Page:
Latest Fleet Foxes Articles
Pro-shot video of Fleet Foxes’ set at the Pitchfork Music Festival in Chicago from July 21 is now available.
Fleet Foxes have added several more tour dates in support of their latest album ‘Crack-Up.’
Watch First Aid Kit join Fleet Foxes’ frontman Robin Pecknold during a performance in Stockholm, Sweden.
Watch Fleet Foxes perform “Fool’s Errand” from their recently issued album ‘Crack-Up’ on last night’s episode of ‘The Late Show With Stephen Colbert.’
Fleet Foxes frontman Robin Pecknold began Tuesday’s encore with a stunning solo rendition of Tom Petty’s “Don’t Come Around Here No More.”
Watch bonus footage from the Fleet Foxes episode of PBS television series ‘Live From The Artists Den.’
More Fleet Foxes Articles
Latest Fleet Foxes Setlist
Fleet Foxes at Glanusk Park
- Grown Ocean
- I Am All That I Need / Arroyo Seco / Thumbprint Scar
- Cassius, -
- - Naiads, Cassadies
- Drops in the River
- White Winter Hymnal
- Ragged Wood
- Your Protector
- Fool's Errand
- He Doesn't Know Why
- On Another Ocean (January / June)
- Blue Ridge Mountains
- Tiger Mountain Peasant Song
- If You Need To, Keep Time on Me
- Third of May / Ōdaigahara
- The Shrine / An Argument
- Helplessness Blues
About Fleet Foxes
Hey, my name’s Robin and I’m a singer in and songwriter for Fleet Foxes, here to write the promotional biography meant to accompany and explain Helplessness Blues. I’m just going to write down some thoughts I have about the album and give you some context. Let’s do this.
So, for a bit of background: we’re from Seattle, and the members of the band are me, Skye Skjelset, Josh Tillman, Casey Wescott, Christian Wargo, and now our buddy Morgan Henderson, who helped out on the album and will join the band on tour. The band began as just me and Skye in junior high, playing songs in his bedroom, until we moved to Seattle, settled on a name, and began meeting other musicians and playing with different people until we met all the guys currently on board. Casey joined in 2005, Christian in 2007, and Josh joined shortly before our first album was released, but after we’d recorded it. So, that’s some background information. Good luck working that into something intriguing. We released our first album in 2008, had a lot of unexpected support from people and the press and we ended up on tour until October of 2009 (we’d expected to do one or two U.S. tours and hoped to start our next album in the fall of 2008!).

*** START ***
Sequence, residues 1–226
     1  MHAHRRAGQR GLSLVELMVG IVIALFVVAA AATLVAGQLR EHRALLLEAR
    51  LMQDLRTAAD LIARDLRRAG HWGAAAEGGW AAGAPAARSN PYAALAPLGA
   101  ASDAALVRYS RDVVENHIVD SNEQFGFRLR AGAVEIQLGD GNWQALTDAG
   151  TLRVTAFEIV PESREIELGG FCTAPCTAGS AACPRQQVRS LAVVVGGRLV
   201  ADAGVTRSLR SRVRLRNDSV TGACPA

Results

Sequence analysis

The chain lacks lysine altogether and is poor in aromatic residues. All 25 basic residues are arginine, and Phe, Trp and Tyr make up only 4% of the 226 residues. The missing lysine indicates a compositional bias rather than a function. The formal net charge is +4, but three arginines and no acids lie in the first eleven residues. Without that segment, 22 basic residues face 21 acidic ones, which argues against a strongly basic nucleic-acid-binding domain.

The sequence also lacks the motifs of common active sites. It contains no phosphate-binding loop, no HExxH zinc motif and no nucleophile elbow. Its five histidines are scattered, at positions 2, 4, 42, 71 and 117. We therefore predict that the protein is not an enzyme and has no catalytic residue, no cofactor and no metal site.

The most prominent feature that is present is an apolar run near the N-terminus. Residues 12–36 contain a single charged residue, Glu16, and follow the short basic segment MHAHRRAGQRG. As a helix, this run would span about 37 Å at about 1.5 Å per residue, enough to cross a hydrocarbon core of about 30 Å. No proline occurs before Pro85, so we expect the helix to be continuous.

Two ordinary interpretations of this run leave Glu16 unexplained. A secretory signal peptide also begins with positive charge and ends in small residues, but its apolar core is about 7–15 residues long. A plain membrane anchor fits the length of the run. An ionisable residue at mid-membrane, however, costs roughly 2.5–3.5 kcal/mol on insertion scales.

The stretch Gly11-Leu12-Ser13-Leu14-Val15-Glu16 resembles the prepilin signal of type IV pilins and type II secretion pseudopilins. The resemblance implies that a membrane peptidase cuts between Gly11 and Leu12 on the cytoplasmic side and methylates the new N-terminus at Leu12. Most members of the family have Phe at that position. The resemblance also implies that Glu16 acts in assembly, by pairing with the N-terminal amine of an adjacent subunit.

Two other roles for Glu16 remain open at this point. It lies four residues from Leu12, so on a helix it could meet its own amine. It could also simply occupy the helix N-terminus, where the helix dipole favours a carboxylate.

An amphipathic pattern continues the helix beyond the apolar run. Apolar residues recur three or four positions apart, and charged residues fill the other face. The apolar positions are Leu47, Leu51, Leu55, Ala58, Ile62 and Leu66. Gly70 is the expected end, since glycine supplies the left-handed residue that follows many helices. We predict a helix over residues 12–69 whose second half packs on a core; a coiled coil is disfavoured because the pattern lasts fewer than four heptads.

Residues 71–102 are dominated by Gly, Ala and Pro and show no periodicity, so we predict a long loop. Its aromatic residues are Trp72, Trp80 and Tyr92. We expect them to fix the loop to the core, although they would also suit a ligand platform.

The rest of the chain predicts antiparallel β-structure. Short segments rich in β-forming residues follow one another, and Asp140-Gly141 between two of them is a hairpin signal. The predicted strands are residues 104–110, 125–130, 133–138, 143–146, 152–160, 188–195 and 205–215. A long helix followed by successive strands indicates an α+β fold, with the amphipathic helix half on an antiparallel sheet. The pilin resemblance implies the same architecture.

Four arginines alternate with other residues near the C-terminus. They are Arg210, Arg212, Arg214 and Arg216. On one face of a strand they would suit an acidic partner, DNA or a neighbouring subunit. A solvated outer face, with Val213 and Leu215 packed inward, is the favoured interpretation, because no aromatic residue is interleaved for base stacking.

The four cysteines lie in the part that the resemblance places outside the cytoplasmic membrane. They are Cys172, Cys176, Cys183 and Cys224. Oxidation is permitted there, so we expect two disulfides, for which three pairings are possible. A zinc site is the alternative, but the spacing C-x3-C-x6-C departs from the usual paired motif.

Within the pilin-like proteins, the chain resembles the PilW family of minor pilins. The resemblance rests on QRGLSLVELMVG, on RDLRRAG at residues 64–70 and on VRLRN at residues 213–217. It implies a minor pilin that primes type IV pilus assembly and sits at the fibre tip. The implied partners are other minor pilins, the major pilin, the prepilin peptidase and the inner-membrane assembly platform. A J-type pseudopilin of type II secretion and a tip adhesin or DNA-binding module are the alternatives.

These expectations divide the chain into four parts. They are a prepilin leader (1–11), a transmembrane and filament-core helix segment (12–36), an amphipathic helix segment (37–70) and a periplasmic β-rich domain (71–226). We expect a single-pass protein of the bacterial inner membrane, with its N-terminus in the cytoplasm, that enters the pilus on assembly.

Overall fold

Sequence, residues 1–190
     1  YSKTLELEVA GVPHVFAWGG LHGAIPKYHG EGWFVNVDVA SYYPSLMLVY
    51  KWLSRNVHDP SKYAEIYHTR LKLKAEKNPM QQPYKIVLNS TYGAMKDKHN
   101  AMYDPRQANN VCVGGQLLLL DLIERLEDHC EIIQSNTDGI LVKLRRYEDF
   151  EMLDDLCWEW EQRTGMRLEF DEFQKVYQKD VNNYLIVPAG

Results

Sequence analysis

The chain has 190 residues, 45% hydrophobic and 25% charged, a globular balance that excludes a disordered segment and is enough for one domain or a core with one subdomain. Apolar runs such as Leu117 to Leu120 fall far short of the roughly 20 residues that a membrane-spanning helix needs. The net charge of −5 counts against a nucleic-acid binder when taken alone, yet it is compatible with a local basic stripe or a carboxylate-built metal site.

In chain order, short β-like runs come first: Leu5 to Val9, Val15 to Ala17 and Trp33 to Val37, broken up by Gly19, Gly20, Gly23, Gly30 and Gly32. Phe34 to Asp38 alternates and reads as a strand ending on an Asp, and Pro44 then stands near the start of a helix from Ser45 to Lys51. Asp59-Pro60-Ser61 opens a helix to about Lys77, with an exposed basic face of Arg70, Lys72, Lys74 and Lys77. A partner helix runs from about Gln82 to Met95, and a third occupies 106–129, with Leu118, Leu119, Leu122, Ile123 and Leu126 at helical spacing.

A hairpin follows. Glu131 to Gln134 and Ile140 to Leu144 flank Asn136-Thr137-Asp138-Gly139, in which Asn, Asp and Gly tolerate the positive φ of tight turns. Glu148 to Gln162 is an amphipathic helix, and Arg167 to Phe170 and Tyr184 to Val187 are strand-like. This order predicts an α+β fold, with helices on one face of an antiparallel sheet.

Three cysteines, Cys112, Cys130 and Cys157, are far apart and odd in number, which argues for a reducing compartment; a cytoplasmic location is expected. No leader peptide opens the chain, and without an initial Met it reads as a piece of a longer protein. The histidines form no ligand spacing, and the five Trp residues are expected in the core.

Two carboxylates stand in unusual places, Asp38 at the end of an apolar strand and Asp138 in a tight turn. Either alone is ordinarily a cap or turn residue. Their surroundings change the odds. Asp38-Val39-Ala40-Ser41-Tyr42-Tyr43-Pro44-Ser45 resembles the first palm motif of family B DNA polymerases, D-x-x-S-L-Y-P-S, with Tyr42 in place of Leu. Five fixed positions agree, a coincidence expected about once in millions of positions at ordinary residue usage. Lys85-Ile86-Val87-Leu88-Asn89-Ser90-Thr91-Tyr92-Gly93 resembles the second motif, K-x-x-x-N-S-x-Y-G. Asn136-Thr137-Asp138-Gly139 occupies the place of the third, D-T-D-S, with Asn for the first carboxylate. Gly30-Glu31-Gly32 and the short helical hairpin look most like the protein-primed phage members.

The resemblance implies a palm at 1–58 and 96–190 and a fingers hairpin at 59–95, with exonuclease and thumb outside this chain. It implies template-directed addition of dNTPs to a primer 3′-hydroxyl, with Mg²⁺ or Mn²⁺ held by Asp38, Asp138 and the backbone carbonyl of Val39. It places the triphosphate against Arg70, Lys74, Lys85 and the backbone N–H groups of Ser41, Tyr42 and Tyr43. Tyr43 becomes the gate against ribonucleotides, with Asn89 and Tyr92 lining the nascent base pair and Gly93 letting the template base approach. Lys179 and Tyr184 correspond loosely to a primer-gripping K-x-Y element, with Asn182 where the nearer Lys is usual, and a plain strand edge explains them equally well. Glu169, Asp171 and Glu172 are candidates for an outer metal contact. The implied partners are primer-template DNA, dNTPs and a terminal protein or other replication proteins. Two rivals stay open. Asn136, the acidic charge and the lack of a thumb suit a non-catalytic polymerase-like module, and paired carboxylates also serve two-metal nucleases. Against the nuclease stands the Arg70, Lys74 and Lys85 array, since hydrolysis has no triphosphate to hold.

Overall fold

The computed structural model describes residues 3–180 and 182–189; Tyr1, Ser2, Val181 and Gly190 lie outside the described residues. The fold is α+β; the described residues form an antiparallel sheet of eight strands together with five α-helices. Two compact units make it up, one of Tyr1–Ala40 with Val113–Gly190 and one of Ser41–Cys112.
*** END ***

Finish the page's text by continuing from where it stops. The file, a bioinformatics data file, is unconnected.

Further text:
Recording started with demos at a building in Seattle that’s been multiple recording studios since the ’70s, from Triangle, to Jon & Stu’s, to Reciprocal Recording, to the Hall of Justice. A number of incredible albums have been made in that building over the years, including Bleach by Nirvana. So we were lucky enough to take over the lease when Death Cab for Cutie moved out in October 2009, and I started writing songs more seriously again. A couple of months later, Joanna Newsom asked me if I would open some shows for her. As a huge fan of hers, I was completely honored and flattered that she’d want me to open her shows, and I felt like I needed some new songs that I could play alone. So, a number of the songs that ended up on this album came from the writing that preceded those tours. Having to play the songs alone meant I was really focusing on having a clear lyric and a strong melody, which ended up being a great change of focus for me as a writer because I’d spent a lot of 2009 messing around with non-songwriter type music and not always finding it satisfying.